Rick is pictured above catching fish at the aquaponic greenhouse at Dahlia Campus – aquaponics produce a fresh healthy protein option while saving water, limiting pesticides and increasing productivity.
Photography by Evan Semón.
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From the first moment I met Rick Phillips, it was clear how at-ease he is volunteering on the Dahlia Campus for Health & Well-Being’s Market Farm and Aquaponics Greenhouse. Munching on an apple and prepared with sun hat, water bottle and farm clothes, he seems ready for any task requested of him.
Rick has been volunteering at Dahlia Campus since January 2020, and has shown an unwavering commitment to the land, plants and people providing for the Northeast Park Hill community, even in the face of a global pandemic.
While showing me around the farm and greenhouse, he lists off his duties as a long-time volunteer – everything from cleaning the floating rafts in the greenhouse and catching fish in the water tanks to seemingly-endless weeding on the in-ground farm.
A Day in the Life
Rick typically spends two days a week volunteering at Dahlia Campus – three hours a day in the greenhouse and three hours a day on the farm.
“I love the physical parts of this work because it’s good for my well-being and I know my efforts help this neighborhood,” he says as he grabs a net on a pole and demonstrates how to catch and transfer fish from one tank to another. “It’s rewarding to see the work I do benefit this community. It’s basically the mission of this farm and greenhouse to provide fresh, healthy food for the residents of Northeast Park Hill. I love that my effort impacts that mission.”
Dahlia Campus for Health & Well-Being was designed in collaboration with the residents of Northeast Park Hill to fit the needs of the community. Before the campus opened, the neighborhood was considered a food desert — an area severely lacking in fresh produce. Through these combined efforts, Dahlia Campus’ in-ground farm and aquaponics greenhouse have filled vital gaps in well-being.
After getting splashed by a fish determined to evade the net, Rick leads me to another part of the greenhouse, where plants of varying sizes are nestled on floating styrofoam rafts. Each plant is secure in its own space on the raft, with roots touching the water below. He shows me all sorts of leafy greens in varying stages of growth – from seed trays to kale ready for harvesting.
“One of the things I do in the greenhouse is plant seeds in their germination trays,” he says. “Usually, there are 12 or so trays to fill with all kinds of seeds and plants. I love to go back over there every week to see the trays that I planted and watch the little plants get taller and taller. I love seeing how the plants grow, both inside the greenhouse and on the farm.”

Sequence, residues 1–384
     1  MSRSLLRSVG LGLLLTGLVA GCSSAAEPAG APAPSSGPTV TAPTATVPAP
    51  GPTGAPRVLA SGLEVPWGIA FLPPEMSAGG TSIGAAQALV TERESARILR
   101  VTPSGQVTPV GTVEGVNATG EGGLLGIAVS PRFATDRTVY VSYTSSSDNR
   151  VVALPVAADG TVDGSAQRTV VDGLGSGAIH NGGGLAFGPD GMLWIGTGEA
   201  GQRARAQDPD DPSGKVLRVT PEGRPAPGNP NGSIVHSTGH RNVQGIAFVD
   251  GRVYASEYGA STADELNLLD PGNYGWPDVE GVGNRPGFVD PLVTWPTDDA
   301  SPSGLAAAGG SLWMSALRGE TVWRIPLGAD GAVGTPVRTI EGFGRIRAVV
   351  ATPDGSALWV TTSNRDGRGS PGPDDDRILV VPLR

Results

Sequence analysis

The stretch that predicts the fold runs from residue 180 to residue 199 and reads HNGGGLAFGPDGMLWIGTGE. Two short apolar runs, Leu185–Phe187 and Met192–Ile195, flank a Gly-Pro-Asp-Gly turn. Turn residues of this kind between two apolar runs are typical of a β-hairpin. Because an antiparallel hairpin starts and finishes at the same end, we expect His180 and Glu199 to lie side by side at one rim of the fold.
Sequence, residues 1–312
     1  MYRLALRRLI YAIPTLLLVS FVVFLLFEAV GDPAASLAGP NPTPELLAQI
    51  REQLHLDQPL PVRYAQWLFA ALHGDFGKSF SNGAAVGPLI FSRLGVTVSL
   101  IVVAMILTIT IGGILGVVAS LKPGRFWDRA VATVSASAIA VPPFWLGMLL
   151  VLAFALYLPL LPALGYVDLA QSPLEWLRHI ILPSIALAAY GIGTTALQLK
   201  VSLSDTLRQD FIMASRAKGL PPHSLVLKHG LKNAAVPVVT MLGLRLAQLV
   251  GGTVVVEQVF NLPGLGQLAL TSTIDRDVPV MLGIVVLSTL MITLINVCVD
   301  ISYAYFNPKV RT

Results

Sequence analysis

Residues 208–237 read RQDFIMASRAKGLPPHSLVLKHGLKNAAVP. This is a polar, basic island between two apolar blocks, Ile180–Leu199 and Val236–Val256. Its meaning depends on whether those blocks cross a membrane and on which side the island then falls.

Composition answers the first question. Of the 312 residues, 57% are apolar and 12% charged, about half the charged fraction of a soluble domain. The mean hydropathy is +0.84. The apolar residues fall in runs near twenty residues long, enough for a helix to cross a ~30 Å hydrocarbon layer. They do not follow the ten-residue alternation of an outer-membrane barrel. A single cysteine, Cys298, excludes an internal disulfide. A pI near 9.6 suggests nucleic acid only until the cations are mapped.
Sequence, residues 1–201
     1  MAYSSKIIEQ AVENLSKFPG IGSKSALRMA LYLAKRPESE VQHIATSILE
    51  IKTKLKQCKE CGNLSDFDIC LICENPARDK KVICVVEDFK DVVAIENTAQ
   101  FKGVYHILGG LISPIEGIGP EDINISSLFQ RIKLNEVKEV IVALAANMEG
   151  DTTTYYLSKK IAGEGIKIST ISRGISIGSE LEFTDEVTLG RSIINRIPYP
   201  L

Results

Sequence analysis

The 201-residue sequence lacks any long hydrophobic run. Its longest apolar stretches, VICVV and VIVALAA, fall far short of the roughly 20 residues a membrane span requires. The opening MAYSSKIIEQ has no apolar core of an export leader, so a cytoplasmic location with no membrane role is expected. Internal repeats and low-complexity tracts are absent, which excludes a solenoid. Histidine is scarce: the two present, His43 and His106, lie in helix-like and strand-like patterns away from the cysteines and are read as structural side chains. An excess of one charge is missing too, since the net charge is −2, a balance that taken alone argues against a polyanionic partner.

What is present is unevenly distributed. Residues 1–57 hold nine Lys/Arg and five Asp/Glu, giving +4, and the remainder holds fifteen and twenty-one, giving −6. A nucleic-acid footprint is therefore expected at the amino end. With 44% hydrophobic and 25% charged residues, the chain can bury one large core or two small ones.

He chuckles and adds, “The weeding gets a little tedious though.”
Learn and Grow
After finishing up our mini tour of the greenhouse, Rick and I take a seat in the shade. We get to talking about how he started volunteering at Dahlia Campus and what inspired him.
“My wife and I are big gardeners, and I’m very interested in the whole urban agriculture scene,” he says. “We have many vegetable beds, and a lot of flower beds. When it comes to volunteering, I was interested primarily in working in the soil, like the farm here, because I wanted to learn what I could from the experts.”
He continues, “I’m a person who’s full of questions, and I appreciate that both the greenhouse team and the market farm team answer my questions. They are all incredibly knowledgeable about urban farming and aquaponics systems. With the greenhouse, I’m amazed by how that whole thing works. They’re growing fish, and the fish waste provides the nutrients for plants. Through the aquaponics system, they’re able to grow thousands of plants that they harvest weekly to supply fresh produce for people in the community. I like knowing the volunteer work I do fosters well-being for the people here – it’s so hard to feel mentally well if you don’t nourish your body, too. Fresh food and community spaces, like Dahlia Campus, make a big difference in helping people have good well-being.”
Volunteering for Well-Being
Much like Dahlia Campus has become a fixture in the Northeast Park Hill landscape, Rick is a staple part of the team of people keeping the greenhouse and farm operating. Throughout our time together, he emphasizes how much joy and peace this work brings him.
“Well-being to me is having my mind at rest, being happy with what I’m doing and not being stressed,” he says. “I like to feel like I’m learning something all the time. I like to be using my body, basically getting some type of exercise, which I do when I volunteer here. When all those things are happening, then I feel good and feel good about myself, because I know I’m helping to forward the mission for WellPower.”
Interested in volunteering with us? Visit mhcd.org/volunteer for a list of open positions and to learn more.